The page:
Who is your favorite artist(s)? What about their style resonates with you?
Leandro: I don’t have any favorite artists because I no longer believe in them. I had artistic references when I first started creating, but I no longer adhere to them. My life has always been challenging. I was always forced to fight for what I desired. Nobody ever assisted me. That, I believe, has influenced how I perceive other artists. I admire the artist wholeheartedly. I’ll paraphrase one of my best friends:
Emanuel Art is ten years my junior, but he is one of my role models. He is a fighter who fights from a young age and never gives up. I wish I had half his courage. Bruna Perin, his girlfriend, is an emerging artist with few followers but a lot of engagement. I believe she is a natural entrepreneur. In fact, I consider myself extremely fortunate to have met this artist couple.
Can you give a behind-the-scenes look into your creative process?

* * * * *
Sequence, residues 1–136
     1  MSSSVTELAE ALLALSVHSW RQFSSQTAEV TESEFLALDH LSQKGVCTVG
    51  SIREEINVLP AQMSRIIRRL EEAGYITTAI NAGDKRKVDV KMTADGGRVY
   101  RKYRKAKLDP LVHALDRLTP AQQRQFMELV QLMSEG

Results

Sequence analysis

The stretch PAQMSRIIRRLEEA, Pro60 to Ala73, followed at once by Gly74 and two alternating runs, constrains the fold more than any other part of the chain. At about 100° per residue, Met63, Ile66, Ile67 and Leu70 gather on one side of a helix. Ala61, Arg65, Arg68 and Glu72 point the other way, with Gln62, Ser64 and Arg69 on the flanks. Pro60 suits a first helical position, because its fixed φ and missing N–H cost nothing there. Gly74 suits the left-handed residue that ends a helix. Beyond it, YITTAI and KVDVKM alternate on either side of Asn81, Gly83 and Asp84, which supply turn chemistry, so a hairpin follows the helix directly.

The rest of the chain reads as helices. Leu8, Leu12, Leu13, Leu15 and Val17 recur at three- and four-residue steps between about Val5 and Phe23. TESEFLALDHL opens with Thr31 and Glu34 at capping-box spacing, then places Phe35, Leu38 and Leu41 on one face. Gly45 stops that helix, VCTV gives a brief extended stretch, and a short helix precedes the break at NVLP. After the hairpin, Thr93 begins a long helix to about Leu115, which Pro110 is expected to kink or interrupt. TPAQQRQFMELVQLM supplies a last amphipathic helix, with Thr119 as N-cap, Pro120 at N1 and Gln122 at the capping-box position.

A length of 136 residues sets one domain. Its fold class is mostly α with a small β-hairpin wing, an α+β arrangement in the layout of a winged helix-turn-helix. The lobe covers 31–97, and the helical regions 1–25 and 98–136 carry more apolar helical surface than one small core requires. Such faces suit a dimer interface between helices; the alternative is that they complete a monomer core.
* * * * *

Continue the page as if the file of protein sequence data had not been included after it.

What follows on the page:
Leandro: Ironically I was thinking about recording a BTS series but I still don’t feel completely comfortable with it. All I can say is just wait and watch.
What is your favorite artwork of yours that you are most proud of?
Leandro Machado: I am proud of everything I do because each piece of art contains a piece of me, but if I had to pick one, it would be my collection “7 PAINTINGS OF HEAVEN.” It’s two-dimensional digital collage with faux three-dimensional detail that I worked on for three months. How did I come up with the idea for “The Return of the Last King”? I’m not sure.
The digital art industry is constantly evolving, what do you think is going to be the next big thing in the industry?
Leandro Machado: Recently Meta announced the integration of NFTs to Instagram and WOW how amazing it is! I was also invited by André Valadão, pastor of Lagoinha Church in Orlando, to participate in a digital art exhibition. He literally had a 75″ TV framed and displayed digital art. I think they were the first to do this on the Christian scene. I hope the next step is for digital art to be taught in schools and universities as well as digital art history.